Malicious SS7 activity and why SMS should never by used for 2FA

Mark Tinka mark at tinka.africa
Sun Apr 18 15:48:46 UTC 2021


On 4/18/21 15:04, Mel Beckman wrote:

> As far as I know, authenticators on cell phone apps don’t require the Internet. For example, the Google Authenticator mobile app doesn't require any Internet or cellular connection. The authenticated system generates a secret key - a unique 16 or 32 character alphanumeric code. This key is scanned by GA or can be entered manually and as a result, both the authenticated system and GA know the same secret key, and can compute the time-based 2nd factor OTP just as hardware tokens do.
>
> There are two algorithms: HOTP and TOTP. The main difference is in OTP expiration time: with HOTP, the OTP is valid until it hasn’t been used;  TOTP times out after some specified interval - usually 30 or 60 seconds. For TOTP, the system time must be synced, otherwise the generated OTPs will be wrong. But you can get accurate enough clock time without the Internet, either manually using some radio source such as WWV, or by GPS or cellular system synchronization.

It's quite likely that most institutions (especially financial ones) 
will prefer to use their own homegrown app-based authenticators. But 
again, those require a smartphone, which is still not the most basic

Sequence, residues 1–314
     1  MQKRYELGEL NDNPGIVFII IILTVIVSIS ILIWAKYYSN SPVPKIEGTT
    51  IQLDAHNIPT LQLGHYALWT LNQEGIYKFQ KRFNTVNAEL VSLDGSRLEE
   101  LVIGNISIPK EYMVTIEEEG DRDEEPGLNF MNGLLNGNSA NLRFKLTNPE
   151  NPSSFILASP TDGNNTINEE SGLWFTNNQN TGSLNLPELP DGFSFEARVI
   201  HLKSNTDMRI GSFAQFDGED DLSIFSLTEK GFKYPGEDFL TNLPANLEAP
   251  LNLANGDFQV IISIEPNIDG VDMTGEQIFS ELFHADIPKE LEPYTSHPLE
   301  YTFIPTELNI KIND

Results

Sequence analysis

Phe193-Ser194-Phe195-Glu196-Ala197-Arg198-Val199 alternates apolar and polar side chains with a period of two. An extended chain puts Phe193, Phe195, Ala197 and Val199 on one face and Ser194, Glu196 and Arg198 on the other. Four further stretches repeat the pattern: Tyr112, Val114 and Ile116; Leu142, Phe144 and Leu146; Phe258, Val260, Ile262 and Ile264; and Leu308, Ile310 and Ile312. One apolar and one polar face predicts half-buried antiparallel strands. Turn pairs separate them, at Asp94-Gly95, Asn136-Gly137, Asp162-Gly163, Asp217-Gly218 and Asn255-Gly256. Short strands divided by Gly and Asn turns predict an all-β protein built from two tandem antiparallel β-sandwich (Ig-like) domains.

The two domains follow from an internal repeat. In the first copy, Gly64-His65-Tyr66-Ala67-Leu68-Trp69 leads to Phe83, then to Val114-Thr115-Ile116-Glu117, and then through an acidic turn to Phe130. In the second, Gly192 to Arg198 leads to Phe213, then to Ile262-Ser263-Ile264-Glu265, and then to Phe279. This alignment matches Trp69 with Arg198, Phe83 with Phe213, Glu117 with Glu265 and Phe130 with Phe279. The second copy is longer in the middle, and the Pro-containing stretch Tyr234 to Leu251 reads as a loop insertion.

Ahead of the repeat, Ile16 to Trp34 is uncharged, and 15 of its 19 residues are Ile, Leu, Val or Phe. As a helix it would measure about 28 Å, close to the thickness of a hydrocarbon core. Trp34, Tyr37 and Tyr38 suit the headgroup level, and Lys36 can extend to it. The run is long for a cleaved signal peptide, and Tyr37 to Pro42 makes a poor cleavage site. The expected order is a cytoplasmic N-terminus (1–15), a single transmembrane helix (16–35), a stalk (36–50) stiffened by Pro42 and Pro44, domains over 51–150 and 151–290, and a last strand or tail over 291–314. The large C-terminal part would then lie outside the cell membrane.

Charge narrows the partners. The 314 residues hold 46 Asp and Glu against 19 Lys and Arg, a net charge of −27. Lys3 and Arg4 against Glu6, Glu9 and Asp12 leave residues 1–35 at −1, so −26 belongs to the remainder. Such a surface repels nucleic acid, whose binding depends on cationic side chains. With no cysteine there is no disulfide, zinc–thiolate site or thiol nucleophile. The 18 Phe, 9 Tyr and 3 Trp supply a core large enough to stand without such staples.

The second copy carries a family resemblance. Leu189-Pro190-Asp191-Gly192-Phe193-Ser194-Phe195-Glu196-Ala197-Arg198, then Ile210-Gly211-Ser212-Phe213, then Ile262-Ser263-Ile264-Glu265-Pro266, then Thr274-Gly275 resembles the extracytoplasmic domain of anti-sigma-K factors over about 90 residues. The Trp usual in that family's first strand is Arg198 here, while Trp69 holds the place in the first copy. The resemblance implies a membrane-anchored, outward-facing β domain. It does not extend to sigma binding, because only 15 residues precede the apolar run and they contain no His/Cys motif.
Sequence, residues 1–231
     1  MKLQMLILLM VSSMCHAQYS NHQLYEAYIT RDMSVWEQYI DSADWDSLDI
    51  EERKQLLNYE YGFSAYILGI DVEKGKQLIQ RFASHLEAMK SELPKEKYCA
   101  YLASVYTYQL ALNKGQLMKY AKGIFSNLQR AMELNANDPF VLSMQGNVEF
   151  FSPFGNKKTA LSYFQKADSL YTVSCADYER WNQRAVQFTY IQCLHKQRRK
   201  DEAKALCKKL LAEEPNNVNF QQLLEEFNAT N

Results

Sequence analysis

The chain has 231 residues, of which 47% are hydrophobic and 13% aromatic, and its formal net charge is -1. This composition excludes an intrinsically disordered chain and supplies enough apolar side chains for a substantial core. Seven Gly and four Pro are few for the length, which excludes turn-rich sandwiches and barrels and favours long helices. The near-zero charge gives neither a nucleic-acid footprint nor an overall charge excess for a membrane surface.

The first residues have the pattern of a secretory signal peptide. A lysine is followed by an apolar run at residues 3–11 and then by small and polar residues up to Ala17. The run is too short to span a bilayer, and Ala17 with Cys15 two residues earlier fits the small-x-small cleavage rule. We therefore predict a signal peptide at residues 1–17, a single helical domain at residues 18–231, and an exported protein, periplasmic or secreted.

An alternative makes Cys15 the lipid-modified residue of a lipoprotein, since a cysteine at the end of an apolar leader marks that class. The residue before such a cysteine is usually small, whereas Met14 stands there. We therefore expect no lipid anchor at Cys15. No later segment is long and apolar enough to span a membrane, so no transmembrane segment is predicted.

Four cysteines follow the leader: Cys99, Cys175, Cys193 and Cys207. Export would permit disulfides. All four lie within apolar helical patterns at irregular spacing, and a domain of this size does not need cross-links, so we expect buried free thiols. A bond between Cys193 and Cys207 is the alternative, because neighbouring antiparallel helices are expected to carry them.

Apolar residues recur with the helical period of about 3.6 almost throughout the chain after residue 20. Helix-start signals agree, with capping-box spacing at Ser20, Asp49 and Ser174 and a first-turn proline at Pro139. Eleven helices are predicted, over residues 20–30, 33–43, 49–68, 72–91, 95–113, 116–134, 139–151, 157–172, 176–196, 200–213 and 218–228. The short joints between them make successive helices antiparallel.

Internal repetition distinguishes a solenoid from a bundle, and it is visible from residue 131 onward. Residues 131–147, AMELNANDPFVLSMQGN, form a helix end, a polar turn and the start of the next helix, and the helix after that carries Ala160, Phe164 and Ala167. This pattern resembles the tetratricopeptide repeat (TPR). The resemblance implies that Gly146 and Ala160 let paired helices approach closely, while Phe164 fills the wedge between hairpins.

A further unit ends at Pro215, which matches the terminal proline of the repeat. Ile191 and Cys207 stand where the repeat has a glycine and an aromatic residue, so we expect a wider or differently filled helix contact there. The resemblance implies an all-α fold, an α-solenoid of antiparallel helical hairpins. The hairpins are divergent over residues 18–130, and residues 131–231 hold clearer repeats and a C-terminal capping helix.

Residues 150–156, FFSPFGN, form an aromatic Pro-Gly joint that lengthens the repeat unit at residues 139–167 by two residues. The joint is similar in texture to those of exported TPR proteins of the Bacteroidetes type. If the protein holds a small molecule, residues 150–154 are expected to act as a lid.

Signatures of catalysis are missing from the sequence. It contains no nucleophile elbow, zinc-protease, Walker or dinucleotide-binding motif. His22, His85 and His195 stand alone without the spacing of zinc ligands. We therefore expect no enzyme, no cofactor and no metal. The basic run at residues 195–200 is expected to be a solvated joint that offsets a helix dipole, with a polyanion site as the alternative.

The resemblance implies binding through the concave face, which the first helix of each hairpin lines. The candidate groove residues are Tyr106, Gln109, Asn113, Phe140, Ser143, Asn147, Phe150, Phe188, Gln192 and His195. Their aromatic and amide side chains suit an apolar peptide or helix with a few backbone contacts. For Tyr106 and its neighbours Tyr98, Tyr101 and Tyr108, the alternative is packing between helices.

pathway.

The good news - I just ran a test to log on to my banking profile from 
my laptop. I disconnected my phone from the world (Airplane mode) and 
while the app complained about not having Internet access, it was still 
able to generate a log-on, transaction or re-authentication code. So 
that helps. But that's just one of them... the other banks I use either 
don't have apps that replace physical authenticators, or require an 
Internet connection for 2FA. Thankfully, none of them require SMS to 
authenticate.

Nearly all the banks use SMS to either confirm a transaction has taken 
place, or to deliver an OTP to complete a transaction (but don't use SMS 
to do the initial or follow-up authentication).

Some of them are sending secure messages to confirm (and notify about) 
transactions within their apps, in lieu of SMS.

Mark.


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